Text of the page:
America – Social Justice Issues of the Past, Present & Future

This website will convey an unbiased, in-depth look into what makes America tick in regards to social justice and the issues that have effected this great nation both positively and negatively.

We will explore issues of the past, the present and the social justices of today’s society. We encourage you to join in our adventure and exploration of social justice, equality and the very concept of selflessness.

The definition, the past and what we can take away from both

The very term of “Social Justice” was first expressed in 1840 by a Sicilian priest.  The concept and the need for social responsibilities existed long before but as in all of history, a label and definition was necessary to fully express the issue.  John Stuart Mill wrote the following quote in his book “Utilitarianism, Liberty and Representative Government:

… we should treat all equally well… who have deserved equally well of us, and that society should treat all equally well who have deserved equally well of it, that is, who have deserved equally well absolutely.  This is the highest abstract standard of social and distributive justice; towards which all institutions, and the efforts of all virtuous citizens, should be made in the utmost degree to converge.

Eventually Social Justice was a label used to plead social reform for peasants who were displaced or uprooted and whom became the urban workers.

It’s about benefiting society’s collective interests, human rights, social equality and providing equal resources to the foundation of what it means to not only be alive but to progress both socially, intellectually and monetarily for and by free individuals.

Present day Social Justice & Current Issues

Social equality and justice for all has evolved and the definition, terms surrounding the very thought or notion have adapted to accommodate the past and the present.  John Rawls is a well known moral political philosopher who wrote the 1971 “A Theory of Social Justice” and presented us with this quote:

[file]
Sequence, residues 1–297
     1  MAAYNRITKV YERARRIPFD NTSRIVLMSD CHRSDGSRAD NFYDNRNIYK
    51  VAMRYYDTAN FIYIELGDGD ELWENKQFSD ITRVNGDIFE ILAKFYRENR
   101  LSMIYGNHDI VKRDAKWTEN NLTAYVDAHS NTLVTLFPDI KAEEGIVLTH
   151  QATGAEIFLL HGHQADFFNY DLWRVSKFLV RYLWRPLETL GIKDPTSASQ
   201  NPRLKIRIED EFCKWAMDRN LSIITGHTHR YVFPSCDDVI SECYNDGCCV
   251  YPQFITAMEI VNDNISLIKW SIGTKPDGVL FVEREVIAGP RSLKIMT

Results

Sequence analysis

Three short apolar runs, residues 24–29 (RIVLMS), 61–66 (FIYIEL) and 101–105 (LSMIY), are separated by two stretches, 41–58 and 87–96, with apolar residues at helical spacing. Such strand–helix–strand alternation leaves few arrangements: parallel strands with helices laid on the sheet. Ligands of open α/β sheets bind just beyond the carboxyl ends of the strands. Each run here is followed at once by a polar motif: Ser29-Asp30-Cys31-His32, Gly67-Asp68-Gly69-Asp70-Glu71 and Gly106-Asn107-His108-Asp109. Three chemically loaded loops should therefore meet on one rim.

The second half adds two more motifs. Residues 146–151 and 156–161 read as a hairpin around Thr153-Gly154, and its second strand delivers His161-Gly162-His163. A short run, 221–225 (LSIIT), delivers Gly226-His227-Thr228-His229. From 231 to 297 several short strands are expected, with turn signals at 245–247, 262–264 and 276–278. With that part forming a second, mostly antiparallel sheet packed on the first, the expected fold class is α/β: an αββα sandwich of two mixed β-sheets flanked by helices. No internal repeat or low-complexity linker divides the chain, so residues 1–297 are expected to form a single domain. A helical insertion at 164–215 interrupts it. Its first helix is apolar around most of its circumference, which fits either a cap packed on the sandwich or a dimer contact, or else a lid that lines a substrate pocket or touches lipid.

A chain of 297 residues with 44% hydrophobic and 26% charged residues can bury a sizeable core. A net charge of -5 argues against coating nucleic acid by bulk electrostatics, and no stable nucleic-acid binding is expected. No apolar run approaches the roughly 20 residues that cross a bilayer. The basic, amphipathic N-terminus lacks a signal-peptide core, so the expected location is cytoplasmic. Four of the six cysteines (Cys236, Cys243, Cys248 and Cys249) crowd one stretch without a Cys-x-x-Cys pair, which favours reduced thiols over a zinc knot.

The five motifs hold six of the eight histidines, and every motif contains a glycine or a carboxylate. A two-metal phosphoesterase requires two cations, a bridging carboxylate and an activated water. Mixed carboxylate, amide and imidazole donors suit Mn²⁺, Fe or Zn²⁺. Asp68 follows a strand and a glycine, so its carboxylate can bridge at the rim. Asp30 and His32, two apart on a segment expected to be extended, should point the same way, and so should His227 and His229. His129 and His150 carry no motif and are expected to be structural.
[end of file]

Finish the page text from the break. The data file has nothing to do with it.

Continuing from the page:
Each person possesses an inviolability founded on justice that even the welfare of society as a whole cannot override.  For this reason justice denies that the loss of freedom for some is made right by a greater good shared by others”

Maxine Greene pointed out that Rawls isn’t pushing the “greater good” as a relative term for a higher being than humans but that he’s referring to a free thinking society.

Is social justice about redistribution of wealth, income and power?  These are the questions being asked in current news.  Was it not originally a morale compass that free thinkers could use to make choices?  The root of the argument is a division of society and state.  The dreaded word: “Government.”  Is it really social justice if the government enforces equality?  Aren’t we as a people and society supposed to enforce our own social justice when dealing with modern day issues of our lives?

Social policy is aspired by democratic societies of the world who seek peace and harmony in the world.  It sounds “hippieish” doesn’t it?  You have to examine the root of this statement and realize that peace and harmony isn’t just flower beds of roses and butterflies.  In order to have a productive society, you must not have a foundation of strife and war.  Wars are fought over social inequalities whether it be over the distribution of wealth, education or social status.